How we Stood a Full Slate in Herefordshire

Councillor Sam Potts, campaign organiser for Herefordshire, tells us how his local party stood a full slate of candidates in their most recent elections.

I’m a Liberal Democrat and have been since I was 14 years old. I have been involved in candidate approval, selection and election for years.

Whether it is a third of the council up each year or all candidates up once every four years, there is a definite issue when people turn up to the polling stations and don’t have the opportunity to vote Liberal Democrat.

Voters across Britain are still more likely to go to a polling station and find no Lib Dem candidate to vote for than they are to find no Labour or Conservative candidate. In the 2024 local elections we stood in 68% of the seats up for election. By contrast Labour stood in 91%, and the Conservatives had candidates for 95% of the vacancies.

The message that having no Liberal Democrat on the ballot gives to voters is huge. Not only for that particular election, but for elections for years to come. it allows voters to think having a Lib Dem option is not important, and that voting for other parties is acceptable. This message may stay with them for future elections – even ones we contest.

As a party we quite frankly need to do better. I was mortified when I got my ballot paper at my parents house to see there was no Liberal Democrat on the ballot. I was left to think well what about people like me. I cannot stomach voting for the Green Party, Labour or the Conservatives. In the end I spoilt my ballot in capital letters it read “LIBERAL DEMOCRAT CANDIDATE REQUIRED”! I vowed that no matter what local party I worked with in future we would put a full state of candidates up.

I then moved to Herefordshire, an area where we use to have the MP and had previously had control of the council. Like many areas it lost councillors in 2008-2015 and we were now on the way back up.

The local party agreed we needed to put up a full slate of 53 candidates and this meant we sent out a strong message that we were serious about winning. I think this played a big part in the huge 14% swing we had in this election.

So how did we find them you might ask?

Starting with a list of wards we put names by existing councillors that had been approved to stand again.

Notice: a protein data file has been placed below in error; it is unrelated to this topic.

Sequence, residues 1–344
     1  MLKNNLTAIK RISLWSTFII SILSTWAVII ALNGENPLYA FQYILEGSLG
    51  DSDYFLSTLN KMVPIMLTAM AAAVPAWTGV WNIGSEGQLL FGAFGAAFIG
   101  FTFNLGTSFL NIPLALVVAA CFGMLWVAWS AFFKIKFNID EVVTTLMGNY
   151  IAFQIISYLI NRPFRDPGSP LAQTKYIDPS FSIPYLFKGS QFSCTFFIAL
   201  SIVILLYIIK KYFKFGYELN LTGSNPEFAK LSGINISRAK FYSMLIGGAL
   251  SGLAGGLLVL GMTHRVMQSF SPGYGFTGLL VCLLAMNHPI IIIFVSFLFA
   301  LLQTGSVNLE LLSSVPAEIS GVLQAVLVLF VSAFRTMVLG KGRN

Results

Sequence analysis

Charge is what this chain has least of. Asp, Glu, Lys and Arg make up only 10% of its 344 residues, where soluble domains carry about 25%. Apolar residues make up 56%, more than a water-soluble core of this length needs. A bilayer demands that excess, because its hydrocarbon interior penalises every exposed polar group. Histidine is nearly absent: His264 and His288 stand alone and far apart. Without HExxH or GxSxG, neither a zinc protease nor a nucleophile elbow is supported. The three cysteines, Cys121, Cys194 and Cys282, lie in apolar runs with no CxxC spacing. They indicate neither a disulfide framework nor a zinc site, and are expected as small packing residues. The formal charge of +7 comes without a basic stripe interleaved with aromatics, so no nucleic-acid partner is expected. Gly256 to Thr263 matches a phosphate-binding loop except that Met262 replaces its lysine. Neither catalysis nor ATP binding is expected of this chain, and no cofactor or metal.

Then we looked at who had stood before or those who had come forward to ask to stand (a small number I know)!

The main part of the list then came from the community – people our councillors and members had worked with on community groups. We went out to ask these people to help us make a change. Many were not Lib Dem members at this time. But we felt they were sympathetic to our values and shared our passion for the community.

We found people already involved in the community ; the local bookshop owner, fish and chip man round the corner, the traffic warden, the woman who runs the autistic society, the IT man who used to be a council officer, the retired nurse, the vicar who had just moved to the area, no one came off the list unless we had a definite no and even then they stayed as a maybe!

Finally, we went to our membership who had already had two emails telling them how important it is that we put up a full slate. We had to assure them that there was no chance of you winning. This filled our last few spaces, a huge thank you to all who became part of the team!

All then went through an approval process and we selected our target seats by December. We got the full slate and have grown as a team, we are now the main opposition on the County Council and our aim for 2027 is to have an active local candidate in every ward.

Under the new form for England local elections you only need a proposer and seconder for the nomination paper – if the candidate lives in the ward they can sign their own nomination paper if need be. But it’s extremely easy to get two signatures from spouses or neighbours!

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